Oh sweet Jeebus, didn’t we just have a sodding Kes episode two weeks ago, and I’ve already got to endure another one?  Honestly, couldn’t they have accidently left her behind in 1996 or something and taken Rain Robinson on instead?  Anyway, a dying warlord foolishly takes over Kes’ short lived body through his magic fingers (I wish I was making it up) giving Jennifer Lien the chance to strut about like she’s doing Shakespeare in the park with an am-dram group.  Honestly, while she’s being all butch and warlordly, the cast are just hamming it up like it’s Christmas come early.  Once I got this thought into my mind, I couldn’t take a moment of the A-plot episode drama seriously.  I know I shouldn’t, but go watch this (obviously awful) episode and try not to think of it as third rate pantomime!

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Worst. Conference Table. Layout. Ever!

Anyway, Kes survives and despite Tuvok telling her that essentially ‘nothing will ever be the same again’, I’m assuming like all character changing moments none of this nonsense will ever be referenced again.  Oh, aside from her dumping Neelix…I think.  The script’s pretty opaque on this plot point, so I’ll have to see if this tiny nugget is raised next time.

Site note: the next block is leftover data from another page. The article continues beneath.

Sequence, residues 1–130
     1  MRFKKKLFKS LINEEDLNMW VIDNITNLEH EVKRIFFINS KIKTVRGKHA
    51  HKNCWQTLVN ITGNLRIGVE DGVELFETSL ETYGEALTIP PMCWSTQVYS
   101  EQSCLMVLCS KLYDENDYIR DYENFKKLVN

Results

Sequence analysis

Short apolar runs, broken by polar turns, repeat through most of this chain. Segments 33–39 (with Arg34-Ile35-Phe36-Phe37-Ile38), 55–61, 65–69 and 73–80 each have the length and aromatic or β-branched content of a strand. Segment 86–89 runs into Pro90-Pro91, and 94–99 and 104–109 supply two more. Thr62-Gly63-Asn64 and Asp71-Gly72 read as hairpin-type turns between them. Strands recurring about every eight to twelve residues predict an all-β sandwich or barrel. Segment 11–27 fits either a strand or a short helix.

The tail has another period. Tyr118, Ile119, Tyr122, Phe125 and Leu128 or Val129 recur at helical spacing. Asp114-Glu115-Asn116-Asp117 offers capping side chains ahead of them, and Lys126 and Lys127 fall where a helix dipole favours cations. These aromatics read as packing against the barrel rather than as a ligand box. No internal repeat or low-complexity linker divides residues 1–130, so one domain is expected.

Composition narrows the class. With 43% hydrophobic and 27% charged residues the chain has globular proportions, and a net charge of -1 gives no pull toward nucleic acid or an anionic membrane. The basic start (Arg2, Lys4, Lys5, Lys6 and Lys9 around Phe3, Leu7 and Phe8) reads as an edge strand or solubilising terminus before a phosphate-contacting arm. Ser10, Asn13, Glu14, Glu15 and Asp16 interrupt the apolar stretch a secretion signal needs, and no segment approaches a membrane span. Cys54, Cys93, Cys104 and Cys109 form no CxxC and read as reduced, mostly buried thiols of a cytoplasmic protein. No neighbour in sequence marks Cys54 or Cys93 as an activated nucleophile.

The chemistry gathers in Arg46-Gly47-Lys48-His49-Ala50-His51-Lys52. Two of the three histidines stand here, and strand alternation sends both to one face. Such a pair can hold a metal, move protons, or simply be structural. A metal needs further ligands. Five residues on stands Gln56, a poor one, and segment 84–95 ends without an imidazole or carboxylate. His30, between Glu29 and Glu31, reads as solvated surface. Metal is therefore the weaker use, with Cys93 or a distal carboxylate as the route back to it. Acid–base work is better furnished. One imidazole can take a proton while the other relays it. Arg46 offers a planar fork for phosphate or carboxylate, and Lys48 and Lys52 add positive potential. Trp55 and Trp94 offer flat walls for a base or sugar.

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Yes, this is as downright fucking awful as it looks

The B-plot of the episode is the replacement of the dive bar Sandrine’s, with Neelix’s hedonistic beach paradise, complete with (not very) scantily clad babes and hunks.  Any tiny respect I had for everyone least’s favourite Talaxian vanished the second he put on a Hawaiian shirt and started dancing to a steel drum band just before the opening credits.  Actually, that’s a lie.  I lost any respect when it appear that he was being…deeply gratified…in the opening moments by person or persons unknown.  So there you go, lots of Nelix, lots more Kes: it’s an episode from hell to be sure!